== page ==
Alana Goodman at the Washington Free Beacon reports that Chuck Hagel said Israel is on its way to becoming an apartheid state, according to a contemporaneous account of an appearance by Hagel at Rutgers University on April 9, 2010. Hagel also accused Israel of violating U.N. resolutions, called for U.S.-designated terrorist organization Hamas to be included in any peace negotiations, and described Israeli Prime Minister Benjamin Netanyahu as a “radical,” according to the the same account.
The account comes from Kenneth Wagner, who attended the 2010 speech while a Rutgers University law student. He provided the Washington Free Beacon with an email he sent during the event to a contact at the American Israel Public Affairs Committee. The email is time-stamped April 9, 2010, at 11:37 AM.
I am sitting in a lecture by Chuck Hagel at Rutgers. He basically said that Israel has violated every UN resolution since 1967, that Israel has violated its agreements with the quartet, that it was risking becoming an apartheid state if it didn’t allow the Palestinians to form a state. He said that the settlements were getting close to the point where a contiguous Palestinian state would be impossible.
He said that he [thought] that Netanyahu was a radical and that even [former Israeli foreign minister Tzipi] Livni, who was hard nosed thought he was too radical and so wouldn’t join in a coalition [government] with him. … He said that Hamas has to be brought in to any peace negotiation.
Wagner is a pro-Israel activist. But there is no reason to believe that he would misrepresent Hagel’s statement in a contemporaneous account. To do so would be to rosl destroying his credibility with AIPAC, and for no reason — Hagel wasn’t in the picture at that time as a potential nominee.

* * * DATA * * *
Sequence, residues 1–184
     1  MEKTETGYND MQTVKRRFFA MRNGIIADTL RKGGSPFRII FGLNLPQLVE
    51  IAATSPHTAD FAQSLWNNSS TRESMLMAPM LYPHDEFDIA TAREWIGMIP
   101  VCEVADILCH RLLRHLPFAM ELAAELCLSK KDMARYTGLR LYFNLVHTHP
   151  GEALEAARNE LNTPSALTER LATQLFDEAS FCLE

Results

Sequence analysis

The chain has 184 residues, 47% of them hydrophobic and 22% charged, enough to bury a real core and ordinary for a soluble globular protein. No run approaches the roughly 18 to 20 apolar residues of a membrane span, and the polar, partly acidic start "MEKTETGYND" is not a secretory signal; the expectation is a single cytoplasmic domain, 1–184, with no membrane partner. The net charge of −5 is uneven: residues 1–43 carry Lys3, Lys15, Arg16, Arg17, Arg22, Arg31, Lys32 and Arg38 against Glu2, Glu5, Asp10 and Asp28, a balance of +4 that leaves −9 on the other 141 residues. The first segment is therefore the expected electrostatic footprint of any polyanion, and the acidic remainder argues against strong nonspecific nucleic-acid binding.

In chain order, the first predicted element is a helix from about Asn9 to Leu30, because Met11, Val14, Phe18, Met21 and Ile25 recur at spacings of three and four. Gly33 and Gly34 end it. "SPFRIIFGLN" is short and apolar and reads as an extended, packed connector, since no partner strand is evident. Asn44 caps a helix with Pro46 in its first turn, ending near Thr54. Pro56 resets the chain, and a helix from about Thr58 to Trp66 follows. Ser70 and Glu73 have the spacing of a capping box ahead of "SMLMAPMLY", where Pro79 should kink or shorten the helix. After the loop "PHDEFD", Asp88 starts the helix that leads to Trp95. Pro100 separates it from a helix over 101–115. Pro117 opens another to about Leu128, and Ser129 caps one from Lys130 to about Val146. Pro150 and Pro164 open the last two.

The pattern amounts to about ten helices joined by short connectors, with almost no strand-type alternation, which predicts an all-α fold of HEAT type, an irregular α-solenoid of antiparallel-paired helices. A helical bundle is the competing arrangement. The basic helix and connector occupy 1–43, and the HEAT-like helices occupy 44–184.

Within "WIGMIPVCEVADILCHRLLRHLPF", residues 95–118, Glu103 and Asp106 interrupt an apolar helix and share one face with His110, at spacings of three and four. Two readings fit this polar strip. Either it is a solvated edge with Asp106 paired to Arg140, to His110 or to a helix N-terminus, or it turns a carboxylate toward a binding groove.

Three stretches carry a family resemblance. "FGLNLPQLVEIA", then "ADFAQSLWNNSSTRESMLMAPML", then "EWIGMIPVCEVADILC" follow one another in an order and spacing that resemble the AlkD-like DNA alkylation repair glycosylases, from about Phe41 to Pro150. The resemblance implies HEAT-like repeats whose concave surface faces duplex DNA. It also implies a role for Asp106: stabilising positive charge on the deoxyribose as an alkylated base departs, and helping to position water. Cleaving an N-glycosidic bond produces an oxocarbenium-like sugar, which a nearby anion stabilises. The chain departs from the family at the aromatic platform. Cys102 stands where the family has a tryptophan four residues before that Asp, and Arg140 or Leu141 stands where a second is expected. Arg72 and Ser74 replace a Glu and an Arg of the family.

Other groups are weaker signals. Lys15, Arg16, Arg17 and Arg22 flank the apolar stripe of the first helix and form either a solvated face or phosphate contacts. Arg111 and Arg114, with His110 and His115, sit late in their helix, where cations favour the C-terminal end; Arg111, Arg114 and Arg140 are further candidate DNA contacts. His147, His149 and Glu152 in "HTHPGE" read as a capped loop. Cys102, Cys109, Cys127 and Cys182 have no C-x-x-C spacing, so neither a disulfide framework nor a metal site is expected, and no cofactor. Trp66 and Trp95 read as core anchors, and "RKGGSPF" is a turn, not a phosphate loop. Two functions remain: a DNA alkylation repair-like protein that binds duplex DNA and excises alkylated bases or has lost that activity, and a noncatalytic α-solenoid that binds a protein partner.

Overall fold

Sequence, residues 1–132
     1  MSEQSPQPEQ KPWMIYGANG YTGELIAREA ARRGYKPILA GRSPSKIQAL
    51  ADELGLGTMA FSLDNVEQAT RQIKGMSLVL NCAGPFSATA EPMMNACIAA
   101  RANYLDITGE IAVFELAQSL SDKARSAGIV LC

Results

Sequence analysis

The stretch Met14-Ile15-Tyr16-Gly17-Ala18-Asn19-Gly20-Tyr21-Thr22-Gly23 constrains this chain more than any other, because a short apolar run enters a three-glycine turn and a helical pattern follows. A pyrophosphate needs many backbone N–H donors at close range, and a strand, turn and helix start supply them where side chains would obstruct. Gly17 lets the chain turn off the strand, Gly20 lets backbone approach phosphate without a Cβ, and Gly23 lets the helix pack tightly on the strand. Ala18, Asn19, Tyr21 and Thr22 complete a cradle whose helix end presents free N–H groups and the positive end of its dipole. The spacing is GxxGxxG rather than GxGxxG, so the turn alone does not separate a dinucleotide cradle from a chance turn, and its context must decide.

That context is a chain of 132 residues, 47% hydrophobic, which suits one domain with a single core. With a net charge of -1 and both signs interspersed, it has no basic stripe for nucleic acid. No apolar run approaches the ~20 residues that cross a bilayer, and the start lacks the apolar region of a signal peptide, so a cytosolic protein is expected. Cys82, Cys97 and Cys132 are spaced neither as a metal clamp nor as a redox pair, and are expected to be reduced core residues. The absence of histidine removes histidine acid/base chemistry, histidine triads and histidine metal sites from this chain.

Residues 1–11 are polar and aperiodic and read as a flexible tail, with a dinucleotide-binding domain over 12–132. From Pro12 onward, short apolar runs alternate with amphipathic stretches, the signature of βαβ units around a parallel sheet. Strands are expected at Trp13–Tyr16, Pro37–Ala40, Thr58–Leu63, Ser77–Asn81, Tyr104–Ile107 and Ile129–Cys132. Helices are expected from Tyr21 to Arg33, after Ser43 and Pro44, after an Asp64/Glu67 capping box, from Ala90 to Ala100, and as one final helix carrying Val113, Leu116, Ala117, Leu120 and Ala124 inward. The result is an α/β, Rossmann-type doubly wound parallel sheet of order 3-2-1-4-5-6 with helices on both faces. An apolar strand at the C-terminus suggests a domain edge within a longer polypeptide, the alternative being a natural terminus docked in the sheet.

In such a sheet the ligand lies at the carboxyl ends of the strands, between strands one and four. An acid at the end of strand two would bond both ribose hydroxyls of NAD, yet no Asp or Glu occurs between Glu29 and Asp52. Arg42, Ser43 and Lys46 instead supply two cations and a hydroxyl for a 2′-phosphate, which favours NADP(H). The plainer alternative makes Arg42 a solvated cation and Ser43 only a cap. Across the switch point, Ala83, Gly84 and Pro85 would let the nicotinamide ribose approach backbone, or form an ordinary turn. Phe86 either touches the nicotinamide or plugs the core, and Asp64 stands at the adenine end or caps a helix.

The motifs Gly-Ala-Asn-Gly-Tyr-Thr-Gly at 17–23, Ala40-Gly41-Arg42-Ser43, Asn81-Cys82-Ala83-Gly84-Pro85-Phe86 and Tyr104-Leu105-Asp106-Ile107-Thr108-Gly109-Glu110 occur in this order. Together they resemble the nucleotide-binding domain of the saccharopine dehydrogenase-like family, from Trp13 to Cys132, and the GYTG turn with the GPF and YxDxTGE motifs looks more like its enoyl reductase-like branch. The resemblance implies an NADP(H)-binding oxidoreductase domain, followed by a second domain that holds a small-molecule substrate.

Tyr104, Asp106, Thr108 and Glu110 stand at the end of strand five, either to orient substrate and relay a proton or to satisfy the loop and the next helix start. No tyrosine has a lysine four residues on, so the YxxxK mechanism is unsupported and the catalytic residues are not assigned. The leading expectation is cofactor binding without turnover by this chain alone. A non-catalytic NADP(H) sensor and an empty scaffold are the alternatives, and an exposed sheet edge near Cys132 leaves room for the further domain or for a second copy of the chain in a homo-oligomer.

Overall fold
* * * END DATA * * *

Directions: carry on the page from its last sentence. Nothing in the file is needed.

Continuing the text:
Moreover, Hagel’s similarly egregious comments in an earlier speech at Rutgers were reported by a Hagel supporter with no sympathy for Israel. Did this source also make up his contemporaneous account? I don’t think so.
Finally, Hagel’s comments, as reported by Wagner are part of the standard talking points one hears these days in anti-Israel circles, such as those in which Hagel travels. It would be shocking if Hagel didn’t believe that Israel is headed for apartheid (never mind the rights accorded Israeli Arabs); that Netanyahu is a radical (never mind that elections have shown him to be well within the mainstream of Israeli politics); and that Hamas must be invited to “peace” talks (never mind that Hamas is a terrorist organization that opposes peace talks). And given Hagel’s self-image as an independent thinker unafraid to speak his mind (he’s not “the Senator from Israel”), it is not surprising that Hagel publicly articulated his “iconoclastic” views.
What happens now? If the past is prologue, things will unfold as follows. First, the three stooges (Sens. McCain, Graham, and Ayotte) will demand an explanation. Then, Hagel will say he doesn’t recall ever making such statements and does not believe their content — in other words Hagel will lie. Finally, McCain and Graham will reiterate their opposition to Hagel, but add that the president is entitled to great deference and that, accordingly, they will not filibuster this nomination.
I fear that only the emergence of something like an official transcript of Hagel’s remarks will derail Hagel, and only because it would show him to be a liar. Yet the contemporaneous notes of at least two individuals, coupled with the statements Hagel has admitted making and had to disavow, leave no doubt as to Hagel’s real views.
If 55 Senate Democrats want to look the other way, that’s to be expected — they are pro-Obama partisans. But for McCain, Graham and other Republicans to continue to play the fool on behalf of Obama and Hagel would be disgraceful.